But I contend Sumner should be happy (within this context, but hopefully in every other context as well).
    The world is talking about QE. Can Scott Sumner take credit–or was it my earnest missives to the Fed? (ha-ha). Let’s say Sumner pushed the dial a bit.
    I also offer a ray of hope. As I have posted earlier, I find most Americans do not read newspapers, could not pick Bernanke out of a police line-up, and probably confuse the Federal Reserve with Ft. Knox.

    If we go aggressive on QE, and the economy grows a bit, and small businesses and real estate types can borrow, then rates will start to edge up. Banks will sense some room to charge customers some vigorish. Most businesses know what they have to pay for credit and how their sales are doing–they do not sit around debating the finer points of monetary policy. People will become optimistic when they start to make sales, or get jobs.

    I agree, as much as I can understand it, that the Fed should talk up the economy, and the potential for higher rates.

    Re models: A few moons back, when I was in college with my quill pen and gas-lamp, I took a few statistics classes. It turns there is a sub-discipline within statistics that can tell you have sensitive your models are to changes in data–how “rugged” the models are. If the reported data changes a little bit, what happens to the model?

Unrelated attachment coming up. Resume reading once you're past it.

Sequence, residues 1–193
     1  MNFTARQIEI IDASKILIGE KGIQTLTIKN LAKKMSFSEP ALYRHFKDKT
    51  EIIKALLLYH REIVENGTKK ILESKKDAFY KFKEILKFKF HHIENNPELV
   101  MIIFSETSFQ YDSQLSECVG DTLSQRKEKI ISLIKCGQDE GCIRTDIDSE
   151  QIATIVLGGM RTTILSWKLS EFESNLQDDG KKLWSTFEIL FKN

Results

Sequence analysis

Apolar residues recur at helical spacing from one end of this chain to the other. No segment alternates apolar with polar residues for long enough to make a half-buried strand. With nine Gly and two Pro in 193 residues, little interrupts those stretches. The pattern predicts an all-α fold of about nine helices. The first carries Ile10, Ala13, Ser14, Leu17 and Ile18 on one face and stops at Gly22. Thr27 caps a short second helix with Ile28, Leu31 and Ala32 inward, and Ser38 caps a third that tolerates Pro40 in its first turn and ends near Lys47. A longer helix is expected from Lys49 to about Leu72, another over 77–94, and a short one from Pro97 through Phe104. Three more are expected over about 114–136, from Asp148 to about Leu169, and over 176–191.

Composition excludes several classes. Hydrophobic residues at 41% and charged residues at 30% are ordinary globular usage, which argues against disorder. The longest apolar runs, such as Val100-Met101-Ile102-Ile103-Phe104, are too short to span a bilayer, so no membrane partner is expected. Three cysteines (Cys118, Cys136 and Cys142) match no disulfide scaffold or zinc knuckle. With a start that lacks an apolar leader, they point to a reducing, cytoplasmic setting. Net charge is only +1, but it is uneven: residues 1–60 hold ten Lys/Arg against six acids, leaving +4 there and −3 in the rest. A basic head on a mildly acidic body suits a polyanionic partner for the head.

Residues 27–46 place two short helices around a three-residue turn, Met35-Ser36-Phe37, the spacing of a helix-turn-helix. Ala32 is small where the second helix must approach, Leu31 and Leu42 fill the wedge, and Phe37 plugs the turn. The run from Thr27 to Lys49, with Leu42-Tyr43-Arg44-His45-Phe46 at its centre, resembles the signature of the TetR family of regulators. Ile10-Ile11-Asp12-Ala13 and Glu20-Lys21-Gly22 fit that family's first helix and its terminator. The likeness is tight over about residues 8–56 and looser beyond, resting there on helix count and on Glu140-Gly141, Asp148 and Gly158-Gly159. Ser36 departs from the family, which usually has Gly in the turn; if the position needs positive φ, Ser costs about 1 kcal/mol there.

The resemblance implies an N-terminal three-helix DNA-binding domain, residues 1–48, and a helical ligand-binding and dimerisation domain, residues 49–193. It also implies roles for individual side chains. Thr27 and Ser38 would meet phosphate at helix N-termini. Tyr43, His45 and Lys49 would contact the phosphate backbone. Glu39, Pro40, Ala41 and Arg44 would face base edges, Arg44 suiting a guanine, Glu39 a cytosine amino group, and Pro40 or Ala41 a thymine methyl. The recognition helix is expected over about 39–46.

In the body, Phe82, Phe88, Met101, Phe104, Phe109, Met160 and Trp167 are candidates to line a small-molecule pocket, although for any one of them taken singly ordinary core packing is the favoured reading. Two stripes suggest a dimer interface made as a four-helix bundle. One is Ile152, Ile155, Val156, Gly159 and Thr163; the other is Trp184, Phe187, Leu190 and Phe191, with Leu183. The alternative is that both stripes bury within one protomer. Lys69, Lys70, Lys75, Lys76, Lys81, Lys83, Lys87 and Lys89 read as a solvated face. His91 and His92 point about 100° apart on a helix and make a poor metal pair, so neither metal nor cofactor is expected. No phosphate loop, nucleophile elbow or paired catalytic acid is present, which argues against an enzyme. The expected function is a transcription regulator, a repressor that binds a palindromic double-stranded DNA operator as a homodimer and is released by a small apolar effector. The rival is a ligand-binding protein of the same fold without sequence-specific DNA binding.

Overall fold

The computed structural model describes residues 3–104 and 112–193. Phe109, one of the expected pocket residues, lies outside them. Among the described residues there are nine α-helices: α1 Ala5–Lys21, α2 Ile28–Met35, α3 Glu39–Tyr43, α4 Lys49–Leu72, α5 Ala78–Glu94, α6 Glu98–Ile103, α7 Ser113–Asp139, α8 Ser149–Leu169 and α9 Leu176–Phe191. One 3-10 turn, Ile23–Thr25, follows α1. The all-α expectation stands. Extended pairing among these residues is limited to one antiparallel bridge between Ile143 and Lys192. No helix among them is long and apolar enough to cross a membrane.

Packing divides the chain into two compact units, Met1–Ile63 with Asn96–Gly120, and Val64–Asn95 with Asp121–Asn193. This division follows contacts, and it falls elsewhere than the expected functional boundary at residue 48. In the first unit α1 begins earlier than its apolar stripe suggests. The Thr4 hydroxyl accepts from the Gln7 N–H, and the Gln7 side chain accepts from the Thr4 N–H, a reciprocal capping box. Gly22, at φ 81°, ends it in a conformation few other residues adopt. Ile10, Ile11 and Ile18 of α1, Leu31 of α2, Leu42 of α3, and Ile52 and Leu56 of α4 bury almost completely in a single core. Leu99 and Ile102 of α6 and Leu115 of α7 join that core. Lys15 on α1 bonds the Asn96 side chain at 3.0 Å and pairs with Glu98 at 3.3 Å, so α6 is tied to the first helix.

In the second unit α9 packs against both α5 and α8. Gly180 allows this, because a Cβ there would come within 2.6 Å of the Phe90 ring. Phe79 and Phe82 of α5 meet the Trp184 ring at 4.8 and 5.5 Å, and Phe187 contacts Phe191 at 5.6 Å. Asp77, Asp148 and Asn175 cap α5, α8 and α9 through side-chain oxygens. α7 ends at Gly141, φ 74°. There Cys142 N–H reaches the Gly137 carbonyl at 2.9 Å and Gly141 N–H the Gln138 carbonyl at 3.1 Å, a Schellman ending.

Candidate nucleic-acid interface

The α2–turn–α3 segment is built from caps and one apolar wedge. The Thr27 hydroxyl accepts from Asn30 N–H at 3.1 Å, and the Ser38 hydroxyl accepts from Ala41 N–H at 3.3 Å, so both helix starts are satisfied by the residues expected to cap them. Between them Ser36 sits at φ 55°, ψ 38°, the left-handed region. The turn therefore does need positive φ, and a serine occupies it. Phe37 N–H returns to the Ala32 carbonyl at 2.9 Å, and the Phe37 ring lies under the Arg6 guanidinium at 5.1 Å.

The results were eye-opening–the more complicated a model, the less rugged it was. We even used fortran cards in those days, which we thought was pretty sexy.

    All this goes to say I would not place too much faith in models. Believe you me, Wall Street had plenty of models to show that pool of residential mortgages, and the safer tranches, were triple AAA. That raises another point–models sometimes make assumptions, and you know what happens when you assume.

  6. Gravatar of Benjamin Cole Benjamin Cole
    29. July 2010 at 19:51

    And I still have two nagging questions:

    1. A global capital glut–does that not depress interest rates anyway?

    2. If the monetary base is so important, and there is roughly $500 billion of US currency floating around the globe, what happens if some of that currency comes back home? You mean to say our monetary policy is, to some extent, in the hands of drug-lords?

  7. Gravatar of Mike Sandifer Mike Sandifer
    30. July 2010 at 04:37

    Scott,

    I have no idea what your first two points mean. Japan’s CPI, excluding food and energy, has often fallen over the last ten years, and continues at much lower levels than in 2000.

    The story seems to be largely the same for wages. Both real and nominal wages were negative for most of the last ten years.

    How is this not a deflationary trap, unless you merely mean there’s no “trap”, because the Bank of Japan is on their desired target? And what difference does it make?

  8. Gravatar of scott sumner scott sumner
    30. July 2010 at 04:50